What to make for supper on a cold, lazy New Year's Day, when one is resting from revelry?
Beans, greens, and cornbread, of course. This Southern tradition of eating greens—symbolizing money—beans—which swell when cooking, symbolizing prosperity—and cornbread—symbolizing, um, deliciousness is well documented. If wikipedia is to be believed, and I'm not sure it is, these foods link back to early Jewish settlers in Georgia, and their tradition links back to the Talmud, and celebrations of Rosh Hashana.
Regardless, this meal delights with utter simplicity, heartiness, and nutritiousness after indulgent holiday excesses.
I used Mark Bittman's recipe for Hoppin' John, a simple preparation of black eyed peas with white rice, a little onion and garlic, seasoned with bay leaves and a shot of tabasco (or sriracha) at the end. Sauteed lacinato (or black or tuscan—it's the kale of many names!) kale, and cornbread (all be-flecked with flax seed meal as i was out of eggs, so i used the handy flax seed meal + water egg replacer trick) rounded out the meal. A perfect glass of Rombauer Zinfandel, left over from New Year's Eve revelry elevated our peasant food to a meal fit for royalty.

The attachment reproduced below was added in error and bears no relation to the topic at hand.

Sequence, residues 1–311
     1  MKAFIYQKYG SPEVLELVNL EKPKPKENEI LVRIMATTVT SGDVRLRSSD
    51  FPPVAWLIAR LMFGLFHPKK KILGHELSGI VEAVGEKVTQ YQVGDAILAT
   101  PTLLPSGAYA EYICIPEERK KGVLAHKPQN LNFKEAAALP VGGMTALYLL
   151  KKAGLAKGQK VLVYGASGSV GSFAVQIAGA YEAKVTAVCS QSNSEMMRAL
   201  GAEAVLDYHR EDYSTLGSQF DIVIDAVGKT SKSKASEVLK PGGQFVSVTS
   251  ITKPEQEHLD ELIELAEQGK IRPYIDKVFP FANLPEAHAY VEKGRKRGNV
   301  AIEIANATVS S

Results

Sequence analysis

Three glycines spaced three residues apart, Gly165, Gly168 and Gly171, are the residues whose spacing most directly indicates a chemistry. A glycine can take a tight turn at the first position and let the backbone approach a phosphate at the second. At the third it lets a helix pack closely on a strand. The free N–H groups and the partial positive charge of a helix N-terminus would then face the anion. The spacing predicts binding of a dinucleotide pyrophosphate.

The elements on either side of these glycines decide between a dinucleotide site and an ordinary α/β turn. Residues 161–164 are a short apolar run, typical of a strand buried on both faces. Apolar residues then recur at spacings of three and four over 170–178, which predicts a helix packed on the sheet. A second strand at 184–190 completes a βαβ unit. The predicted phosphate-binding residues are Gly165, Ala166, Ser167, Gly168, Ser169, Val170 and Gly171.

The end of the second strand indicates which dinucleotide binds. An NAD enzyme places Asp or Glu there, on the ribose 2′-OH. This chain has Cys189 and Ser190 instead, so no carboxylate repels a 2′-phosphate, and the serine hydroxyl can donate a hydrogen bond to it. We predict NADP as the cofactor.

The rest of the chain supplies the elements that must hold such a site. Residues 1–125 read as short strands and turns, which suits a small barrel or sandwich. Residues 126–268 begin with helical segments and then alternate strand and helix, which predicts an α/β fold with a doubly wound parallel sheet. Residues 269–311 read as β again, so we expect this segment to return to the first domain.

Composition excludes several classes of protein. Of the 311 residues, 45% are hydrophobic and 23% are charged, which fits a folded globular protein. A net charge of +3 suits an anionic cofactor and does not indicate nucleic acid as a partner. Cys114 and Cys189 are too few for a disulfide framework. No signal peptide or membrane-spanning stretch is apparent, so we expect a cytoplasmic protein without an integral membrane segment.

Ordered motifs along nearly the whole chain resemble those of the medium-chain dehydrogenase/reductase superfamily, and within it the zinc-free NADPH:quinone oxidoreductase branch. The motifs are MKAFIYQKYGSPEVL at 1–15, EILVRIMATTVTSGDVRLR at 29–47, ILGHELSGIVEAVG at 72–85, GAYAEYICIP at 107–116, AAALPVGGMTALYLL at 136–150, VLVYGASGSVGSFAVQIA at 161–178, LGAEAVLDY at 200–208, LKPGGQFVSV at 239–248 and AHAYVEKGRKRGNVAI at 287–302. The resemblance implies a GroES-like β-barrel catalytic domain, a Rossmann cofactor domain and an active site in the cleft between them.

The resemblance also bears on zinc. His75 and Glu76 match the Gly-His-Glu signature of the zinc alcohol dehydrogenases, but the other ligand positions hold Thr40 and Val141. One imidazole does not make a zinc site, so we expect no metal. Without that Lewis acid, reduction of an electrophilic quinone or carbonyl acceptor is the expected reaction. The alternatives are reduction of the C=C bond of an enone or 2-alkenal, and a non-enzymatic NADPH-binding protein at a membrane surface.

G indulged my veggie-foodie rant about the wholesomeness, simplicity, and frugality of such meals. Not a vegetarian, G is an adventurous/adventuresome eater who has encountered many a strange food in the last seven months. (he was a good sport for the scary looking and so-so tasting roasted cauliflower and broccoli soup i concocted Sunday night, even pulling an Oliver Twist impression, "please, madam, may i have some more?"). I delight in sharing old favorites, food traditions, and new finds (minus the aforementioned weird soup) with him, as I trust he will give the food a chance, and also provide me with a fair critique of the meal.
The New Year's Day feast was a success, filling our tummies and bringing us hope for the year to come. The dessert of molten chocolate babycakes and eggnog ice cream was a delicious and decadent counterpoint to the utter simplicity of the main meal, a sweet ending to a new beginning.